Serbia’s Forgotten Role in the Roma Holocaust

12/17/2018

At the outset of World War II, 60,000 Roma people lived in Serbia, and 300,000 in Yugoslavia as a whole. Researchers and experts say there is still no exact data on the number of Roma who were killed during World War II, but estimates suggest that 12,000 to 20,000 of them died in Serbia. Their deaths were a direct or indirect consequence of the Nazi occupiers’ rigorous anti-Roma laws, which were implemented by Serbia’s collaborationist regime. Activists, victims’ relatives, and experts argue that the “Samudaripen” or “Porajmos”—the Romani word for the Holocaust—is an almost forgotten crime in Serbia, and that little has been done to preserve the memory of those who were killed or persecuted. “There is a question of why no attention was given to the [persecution and killing of] Roma. No one was really interested,” Dragoljub Ackovic, a member of the Roma World Parliament who has done extensive research on the Roma Holocaust in Yugoslavia, told BIRN. “So, it seems like the Roma did not suffer at all.”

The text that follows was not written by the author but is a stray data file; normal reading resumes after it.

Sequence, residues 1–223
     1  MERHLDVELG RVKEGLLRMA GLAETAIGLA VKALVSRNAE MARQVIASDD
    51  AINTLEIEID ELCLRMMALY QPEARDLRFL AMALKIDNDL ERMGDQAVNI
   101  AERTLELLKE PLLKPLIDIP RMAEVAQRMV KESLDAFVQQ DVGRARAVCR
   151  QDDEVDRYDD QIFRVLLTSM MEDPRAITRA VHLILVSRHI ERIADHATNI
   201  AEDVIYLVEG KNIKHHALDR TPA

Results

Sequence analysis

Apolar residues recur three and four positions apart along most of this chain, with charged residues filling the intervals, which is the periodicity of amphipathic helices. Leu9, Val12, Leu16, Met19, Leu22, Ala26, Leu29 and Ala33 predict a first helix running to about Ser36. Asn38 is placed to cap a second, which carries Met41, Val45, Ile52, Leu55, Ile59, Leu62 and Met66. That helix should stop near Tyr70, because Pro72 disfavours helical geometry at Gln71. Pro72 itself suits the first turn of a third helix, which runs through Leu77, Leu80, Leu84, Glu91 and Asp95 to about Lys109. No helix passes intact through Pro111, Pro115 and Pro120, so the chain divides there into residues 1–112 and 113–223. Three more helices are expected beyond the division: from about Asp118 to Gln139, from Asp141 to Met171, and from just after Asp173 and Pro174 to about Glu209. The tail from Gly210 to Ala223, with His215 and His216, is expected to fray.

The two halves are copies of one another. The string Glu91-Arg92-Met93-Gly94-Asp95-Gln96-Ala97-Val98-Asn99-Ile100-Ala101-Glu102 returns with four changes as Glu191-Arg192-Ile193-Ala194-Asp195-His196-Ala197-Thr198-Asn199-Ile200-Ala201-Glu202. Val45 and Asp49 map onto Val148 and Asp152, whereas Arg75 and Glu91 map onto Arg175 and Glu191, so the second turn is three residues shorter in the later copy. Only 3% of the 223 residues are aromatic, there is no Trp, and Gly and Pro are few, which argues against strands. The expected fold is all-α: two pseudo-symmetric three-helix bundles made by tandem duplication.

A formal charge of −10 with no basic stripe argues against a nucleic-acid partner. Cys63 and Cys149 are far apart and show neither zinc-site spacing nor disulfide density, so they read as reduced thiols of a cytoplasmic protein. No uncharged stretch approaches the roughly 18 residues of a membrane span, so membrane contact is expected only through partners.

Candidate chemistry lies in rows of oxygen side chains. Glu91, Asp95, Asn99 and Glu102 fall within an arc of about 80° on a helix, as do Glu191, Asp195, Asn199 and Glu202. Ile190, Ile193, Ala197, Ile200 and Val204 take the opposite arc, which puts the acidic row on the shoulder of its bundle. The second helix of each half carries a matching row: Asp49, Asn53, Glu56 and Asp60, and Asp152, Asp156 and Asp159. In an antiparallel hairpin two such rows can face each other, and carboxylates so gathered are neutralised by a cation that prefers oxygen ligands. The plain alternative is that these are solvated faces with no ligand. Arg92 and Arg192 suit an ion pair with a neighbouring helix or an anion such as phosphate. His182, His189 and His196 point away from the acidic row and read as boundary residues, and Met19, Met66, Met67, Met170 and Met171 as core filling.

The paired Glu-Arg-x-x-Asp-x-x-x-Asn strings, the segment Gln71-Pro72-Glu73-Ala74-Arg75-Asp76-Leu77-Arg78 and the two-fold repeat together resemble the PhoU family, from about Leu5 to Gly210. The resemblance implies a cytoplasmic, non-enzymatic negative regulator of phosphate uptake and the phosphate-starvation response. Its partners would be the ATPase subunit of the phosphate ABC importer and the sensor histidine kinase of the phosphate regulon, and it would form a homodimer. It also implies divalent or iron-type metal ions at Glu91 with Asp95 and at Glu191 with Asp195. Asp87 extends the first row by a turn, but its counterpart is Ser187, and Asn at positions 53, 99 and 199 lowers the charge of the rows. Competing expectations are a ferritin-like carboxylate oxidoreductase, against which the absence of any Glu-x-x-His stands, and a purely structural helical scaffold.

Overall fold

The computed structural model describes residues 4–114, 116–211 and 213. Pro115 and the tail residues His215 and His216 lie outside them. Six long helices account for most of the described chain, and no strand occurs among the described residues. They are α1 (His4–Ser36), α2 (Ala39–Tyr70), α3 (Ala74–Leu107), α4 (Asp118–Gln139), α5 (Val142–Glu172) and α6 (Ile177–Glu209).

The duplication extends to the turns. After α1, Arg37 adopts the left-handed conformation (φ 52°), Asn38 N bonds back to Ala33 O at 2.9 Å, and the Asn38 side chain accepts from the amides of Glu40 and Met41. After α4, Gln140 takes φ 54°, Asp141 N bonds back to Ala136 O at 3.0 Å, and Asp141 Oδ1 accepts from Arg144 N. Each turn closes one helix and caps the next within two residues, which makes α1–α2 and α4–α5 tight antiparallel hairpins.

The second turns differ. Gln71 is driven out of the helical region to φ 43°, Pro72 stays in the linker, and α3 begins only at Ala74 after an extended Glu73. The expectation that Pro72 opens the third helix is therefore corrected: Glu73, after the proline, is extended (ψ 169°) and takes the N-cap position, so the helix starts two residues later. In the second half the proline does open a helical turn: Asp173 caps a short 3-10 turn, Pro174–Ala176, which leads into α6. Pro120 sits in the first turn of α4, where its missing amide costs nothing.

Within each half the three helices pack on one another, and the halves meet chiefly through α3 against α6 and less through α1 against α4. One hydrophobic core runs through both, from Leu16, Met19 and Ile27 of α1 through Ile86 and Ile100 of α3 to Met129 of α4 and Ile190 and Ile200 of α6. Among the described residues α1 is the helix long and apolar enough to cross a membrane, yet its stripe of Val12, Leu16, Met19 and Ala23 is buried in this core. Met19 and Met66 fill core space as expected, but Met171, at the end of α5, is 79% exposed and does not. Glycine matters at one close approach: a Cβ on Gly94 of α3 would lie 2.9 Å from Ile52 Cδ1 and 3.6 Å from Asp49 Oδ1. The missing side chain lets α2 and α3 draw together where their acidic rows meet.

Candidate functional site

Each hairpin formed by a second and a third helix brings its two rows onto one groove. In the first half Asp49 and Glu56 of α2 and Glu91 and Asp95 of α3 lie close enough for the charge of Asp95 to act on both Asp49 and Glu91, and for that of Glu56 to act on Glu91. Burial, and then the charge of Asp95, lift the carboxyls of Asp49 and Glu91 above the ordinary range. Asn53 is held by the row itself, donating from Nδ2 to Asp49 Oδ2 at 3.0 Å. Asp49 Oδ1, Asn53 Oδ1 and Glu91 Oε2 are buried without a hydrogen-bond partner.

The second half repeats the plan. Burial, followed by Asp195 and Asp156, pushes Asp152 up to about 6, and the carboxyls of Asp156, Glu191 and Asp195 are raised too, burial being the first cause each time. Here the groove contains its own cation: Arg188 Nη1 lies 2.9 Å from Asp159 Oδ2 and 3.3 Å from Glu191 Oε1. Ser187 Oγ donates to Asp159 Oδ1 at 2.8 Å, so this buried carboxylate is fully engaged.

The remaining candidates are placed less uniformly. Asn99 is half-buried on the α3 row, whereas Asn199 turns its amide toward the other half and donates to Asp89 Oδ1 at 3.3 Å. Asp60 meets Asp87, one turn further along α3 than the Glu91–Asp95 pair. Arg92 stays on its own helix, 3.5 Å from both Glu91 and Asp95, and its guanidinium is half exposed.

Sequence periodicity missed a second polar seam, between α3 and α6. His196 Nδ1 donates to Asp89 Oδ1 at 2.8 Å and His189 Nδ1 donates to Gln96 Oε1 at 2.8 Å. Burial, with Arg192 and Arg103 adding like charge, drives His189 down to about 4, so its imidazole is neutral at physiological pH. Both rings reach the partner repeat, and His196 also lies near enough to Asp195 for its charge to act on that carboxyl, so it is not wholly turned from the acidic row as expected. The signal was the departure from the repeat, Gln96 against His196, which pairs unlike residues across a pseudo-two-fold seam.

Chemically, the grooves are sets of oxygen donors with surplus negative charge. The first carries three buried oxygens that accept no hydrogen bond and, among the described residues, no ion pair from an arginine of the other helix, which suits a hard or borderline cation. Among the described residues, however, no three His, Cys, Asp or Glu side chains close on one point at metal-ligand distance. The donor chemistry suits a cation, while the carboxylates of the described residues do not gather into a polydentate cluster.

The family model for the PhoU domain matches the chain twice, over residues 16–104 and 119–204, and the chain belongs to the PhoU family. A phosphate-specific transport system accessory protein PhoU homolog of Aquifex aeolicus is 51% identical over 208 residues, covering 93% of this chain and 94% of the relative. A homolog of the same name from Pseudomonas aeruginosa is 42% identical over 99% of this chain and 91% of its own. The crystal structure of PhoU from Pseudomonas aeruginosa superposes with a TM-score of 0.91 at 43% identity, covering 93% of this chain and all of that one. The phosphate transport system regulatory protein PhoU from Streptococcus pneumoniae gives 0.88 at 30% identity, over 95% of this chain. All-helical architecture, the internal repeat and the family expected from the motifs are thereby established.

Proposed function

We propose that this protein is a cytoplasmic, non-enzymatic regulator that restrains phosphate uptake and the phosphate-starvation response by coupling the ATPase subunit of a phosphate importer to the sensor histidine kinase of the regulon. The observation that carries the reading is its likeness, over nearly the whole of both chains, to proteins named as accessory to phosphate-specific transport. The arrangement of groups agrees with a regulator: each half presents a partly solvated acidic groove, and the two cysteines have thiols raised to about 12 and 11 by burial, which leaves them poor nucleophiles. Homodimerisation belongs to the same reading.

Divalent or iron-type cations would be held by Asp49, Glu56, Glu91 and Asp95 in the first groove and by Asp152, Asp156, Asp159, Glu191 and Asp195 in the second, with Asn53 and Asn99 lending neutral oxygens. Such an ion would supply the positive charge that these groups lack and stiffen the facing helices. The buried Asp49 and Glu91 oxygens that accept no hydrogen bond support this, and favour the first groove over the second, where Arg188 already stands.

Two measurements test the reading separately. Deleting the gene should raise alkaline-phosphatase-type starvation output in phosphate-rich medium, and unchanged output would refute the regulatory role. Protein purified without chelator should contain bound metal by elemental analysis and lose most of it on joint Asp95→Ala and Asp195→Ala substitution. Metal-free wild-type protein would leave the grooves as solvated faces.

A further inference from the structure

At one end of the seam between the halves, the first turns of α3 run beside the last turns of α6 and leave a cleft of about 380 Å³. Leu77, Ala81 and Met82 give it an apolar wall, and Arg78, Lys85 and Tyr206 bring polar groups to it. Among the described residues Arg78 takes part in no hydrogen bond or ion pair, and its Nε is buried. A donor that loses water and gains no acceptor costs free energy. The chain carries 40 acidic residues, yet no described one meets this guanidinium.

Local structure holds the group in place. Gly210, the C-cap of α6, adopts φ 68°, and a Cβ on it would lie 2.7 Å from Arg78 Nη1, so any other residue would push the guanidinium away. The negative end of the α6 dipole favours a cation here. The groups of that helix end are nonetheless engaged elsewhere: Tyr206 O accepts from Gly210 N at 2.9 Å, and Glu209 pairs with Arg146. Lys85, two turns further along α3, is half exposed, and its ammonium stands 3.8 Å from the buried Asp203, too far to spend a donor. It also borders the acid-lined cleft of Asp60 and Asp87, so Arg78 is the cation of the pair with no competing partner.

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Balkan Insight